I finally bit the bullet (sorry for the pun) and took my dog Baxter to the vet for a proper teeth cleaning.

I’ve written before about my quest to take care of Baxter’s teeth. Here’s a Q&A about dental health for dogs and my tips on how to make cleaning your dog’s teeth a habit.

We’ve tried additives for his water, brushing our dog’s teeth and giving him chews and raw bones. We scraped at the tartar build-up on his teeth ourselves, but we didn’t make much progress.

I even attempted an anesthetic-free dental cleaning, but Baxter wouldn’t sit still for it.

I know how important teeth are to his overall health, and I was concerned about tartar, cavities, gum disease, dog breath and any other number of issues. So off to the vet we went.

Does my dog really need a dental cleaning?

Dog mouth open wide

There are three concerns I hear most often when people talk about a dog’s professional dental cleaning:

  • worry about the risks of anesthesia for dogs
  • concern about how much a dog’s cleaning costs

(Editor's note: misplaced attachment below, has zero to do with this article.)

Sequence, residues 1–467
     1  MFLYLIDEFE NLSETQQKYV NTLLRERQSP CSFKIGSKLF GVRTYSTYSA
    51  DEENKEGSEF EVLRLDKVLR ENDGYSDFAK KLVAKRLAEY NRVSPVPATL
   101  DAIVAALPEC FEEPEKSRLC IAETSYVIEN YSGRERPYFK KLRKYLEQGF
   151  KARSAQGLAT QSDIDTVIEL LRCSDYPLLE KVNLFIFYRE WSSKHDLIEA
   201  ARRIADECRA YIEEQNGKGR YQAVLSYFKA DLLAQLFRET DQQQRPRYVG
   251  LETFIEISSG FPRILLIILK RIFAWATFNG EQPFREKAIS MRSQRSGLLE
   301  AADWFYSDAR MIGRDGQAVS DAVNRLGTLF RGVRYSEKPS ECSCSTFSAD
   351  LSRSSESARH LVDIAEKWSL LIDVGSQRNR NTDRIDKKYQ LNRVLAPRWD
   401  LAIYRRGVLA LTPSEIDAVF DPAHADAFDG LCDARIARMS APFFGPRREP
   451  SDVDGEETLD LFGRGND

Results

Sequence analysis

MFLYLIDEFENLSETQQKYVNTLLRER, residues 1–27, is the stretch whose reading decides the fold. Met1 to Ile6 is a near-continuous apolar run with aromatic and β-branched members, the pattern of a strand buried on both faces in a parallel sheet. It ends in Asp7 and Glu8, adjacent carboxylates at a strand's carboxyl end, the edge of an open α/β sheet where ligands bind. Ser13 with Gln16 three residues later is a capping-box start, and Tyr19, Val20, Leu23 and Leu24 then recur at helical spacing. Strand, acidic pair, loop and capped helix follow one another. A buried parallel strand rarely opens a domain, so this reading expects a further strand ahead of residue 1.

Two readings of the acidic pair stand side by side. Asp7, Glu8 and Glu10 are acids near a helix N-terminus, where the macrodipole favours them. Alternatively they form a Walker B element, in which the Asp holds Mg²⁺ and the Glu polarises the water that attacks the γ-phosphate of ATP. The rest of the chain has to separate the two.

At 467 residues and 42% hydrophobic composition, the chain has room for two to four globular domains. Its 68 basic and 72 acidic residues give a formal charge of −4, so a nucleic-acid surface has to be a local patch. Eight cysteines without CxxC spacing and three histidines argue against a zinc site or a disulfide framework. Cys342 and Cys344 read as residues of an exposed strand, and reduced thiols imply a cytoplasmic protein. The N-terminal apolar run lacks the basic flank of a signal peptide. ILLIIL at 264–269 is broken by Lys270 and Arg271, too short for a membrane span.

• skepticism about the need to clean a dog’s teeth

Our vet allowed me to go “behind the scenes” for the cleaning, so I’m going to share some of my experience here today and try to address those concerns.

Anesthesia risks for dogs during a dental cleaning

One of the big obstacles for a lot of people who consider teeth cleaning is fear of putting their dogs under anesthesia.

Anesthesia is not without risks, particularly for older dogs. A study published in the Journal of the American Veterinary Medical Association found that overall health, age and weight along with the “urgency,  complexity  and  anticipated  duration of  the procedure” all impacted a dog’s odds of dying while under anesthesia or sedation.

Tartar build up on a dog's teeth

The study also highlighted the importance of pre-screening, precautions and monitoring during anesthetic procedures.

Going behind the scenes gave me a glimpse into the amount of preparation and attention that goes into putting a dog under anesthesia and made me much more comfortable about the anesthesia process.

The prep for my dog’s dental procedure was extensive and was all focused on his well-being.

Before the cleaning, we had to have a pre-appointment, where one of the clinic’s vet techs looked at Baxter’s teeth to try to assess how involved the cleaning would be (given that he was awake at this point, she did the best she could).